The Prairie Connection is published 10 times a year by Harper, Kan.-based nonprofit the Balmer Fund.
9. Libraries can be an asset.
"We have helped our dropping circulation by donating subscriptions to the many libraries in our region," says Hostetler. "At least the people who go to libraries are a cut above the average, and they also still read—what better audience and increase in numbers can you get?"
Tip from … Mark Amtower, consultant, author, speaker, social media & CEO coach
Amtower advises publishers on how to use online tools to increase reader engagement.
10. Use social media to
Amtower recommends joining groups on third-party sites (e.g., LinkedIn) as a particularly effective way to market a publication while encouraging a level of audience involvement that can increase subscriptions.
Tips from … Marc Ostrofsky, publisher, consultant, entrepreneur
Ostrofsky has built up and sold five magazines in the course of his career in Internet business.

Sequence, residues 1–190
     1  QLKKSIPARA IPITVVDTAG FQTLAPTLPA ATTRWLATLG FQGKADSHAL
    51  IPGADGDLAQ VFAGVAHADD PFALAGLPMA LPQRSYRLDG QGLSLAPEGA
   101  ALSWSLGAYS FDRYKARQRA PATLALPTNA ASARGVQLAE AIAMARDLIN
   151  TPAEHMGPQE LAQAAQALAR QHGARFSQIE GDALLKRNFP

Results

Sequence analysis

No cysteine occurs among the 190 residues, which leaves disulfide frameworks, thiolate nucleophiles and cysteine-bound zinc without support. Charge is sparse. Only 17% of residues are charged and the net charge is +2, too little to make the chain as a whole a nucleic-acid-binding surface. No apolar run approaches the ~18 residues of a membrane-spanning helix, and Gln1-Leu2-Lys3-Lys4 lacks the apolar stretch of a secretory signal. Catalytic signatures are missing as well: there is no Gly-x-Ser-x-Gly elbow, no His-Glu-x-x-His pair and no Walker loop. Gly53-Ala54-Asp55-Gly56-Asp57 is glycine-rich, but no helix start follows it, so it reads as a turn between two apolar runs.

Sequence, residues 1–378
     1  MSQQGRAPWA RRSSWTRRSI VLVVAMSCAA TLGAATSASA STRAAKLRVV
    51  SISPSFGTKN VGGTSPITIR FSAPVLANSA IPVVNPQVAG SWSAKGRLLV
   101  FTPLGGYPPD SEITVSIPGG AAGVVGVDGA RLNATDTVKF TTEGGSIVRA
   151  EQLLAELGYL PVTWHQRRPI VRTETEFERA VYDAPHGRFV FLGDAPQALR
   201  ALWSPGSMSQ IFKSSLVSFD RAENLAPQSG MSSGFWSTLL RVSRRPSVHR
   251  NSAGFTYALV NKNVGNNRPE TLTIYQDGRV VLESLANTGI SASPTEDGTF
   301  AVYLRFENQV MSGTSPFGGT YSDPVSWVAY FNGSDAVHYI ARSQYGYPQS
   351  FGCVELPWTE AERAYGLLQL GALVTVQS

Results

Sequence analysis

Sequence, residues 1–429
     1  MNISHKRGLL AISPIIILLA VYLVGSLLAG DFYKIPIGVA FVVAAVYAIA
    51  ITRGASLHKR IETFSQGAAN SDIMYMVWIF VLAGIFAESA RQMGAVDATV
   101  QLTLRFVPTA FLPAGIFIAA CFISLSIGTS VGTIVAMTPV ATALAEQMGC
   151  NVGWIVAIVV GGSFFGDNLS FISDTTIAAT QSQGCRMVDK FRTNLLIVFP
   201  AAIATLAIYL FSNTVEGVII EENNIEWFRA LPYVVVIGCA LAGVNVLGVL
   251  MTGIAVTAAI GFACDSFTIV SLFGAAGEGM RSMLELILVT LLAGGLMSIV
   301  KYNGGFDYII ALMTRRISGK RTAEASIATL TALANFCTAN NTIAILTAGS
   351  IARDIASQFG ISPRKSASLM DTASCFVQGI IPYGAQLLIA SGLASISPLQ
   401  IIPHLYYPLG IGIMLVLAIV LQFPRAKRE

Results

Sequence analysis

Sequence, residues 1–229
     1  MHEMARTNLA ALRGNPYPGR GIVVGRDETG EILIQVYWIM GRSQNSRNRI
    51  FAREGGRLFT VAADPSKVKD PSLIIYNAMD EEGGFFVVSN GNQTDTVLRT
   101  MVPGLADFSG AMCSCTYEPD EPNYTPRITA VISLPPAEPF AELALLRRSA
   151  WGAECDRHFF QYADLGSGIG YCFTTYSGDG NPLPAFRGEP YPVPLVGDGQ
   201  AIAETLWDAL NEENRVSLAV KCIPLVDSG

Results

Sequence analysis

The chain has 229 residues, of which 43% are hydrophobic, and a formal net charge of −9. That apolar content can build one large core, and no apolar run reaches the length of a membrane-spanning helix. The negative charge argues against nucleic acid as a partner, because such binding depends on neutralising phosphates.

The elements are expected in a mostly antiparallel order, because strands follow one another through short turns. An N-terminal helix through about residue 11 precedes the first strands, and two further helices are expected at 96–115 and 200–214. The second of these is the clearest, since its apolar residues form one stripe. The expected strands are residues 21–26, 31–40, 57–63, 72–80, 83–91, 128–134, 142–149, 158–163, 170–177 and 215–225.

more blow-in cards.
Ostrofsky says these are proven to work at low cost.
12. Run programs to
This can include a free e-book in exchange for e-mail names that don't "bounce back."
13. Use special offers to grow the database.
Draw new readers in with offers such as free attendance to a conference, a free e-book with a subscription or by bundling subscriptions.
14. Cross-promote with an advertiser.
Work with partners on promotions such as letting advertisers give free subscriptions to clients. "This works great because their clients tell them, 'We saw your ad in [such and such magazine],' so it's a double benefit," Ostrofsky says.
Tip from … Heather Logrippo, publisher, Distinctive Homes
Distinctive Homes is a luxury real estate publication covering the Boston area.
15. Use digital editions to increase impressions.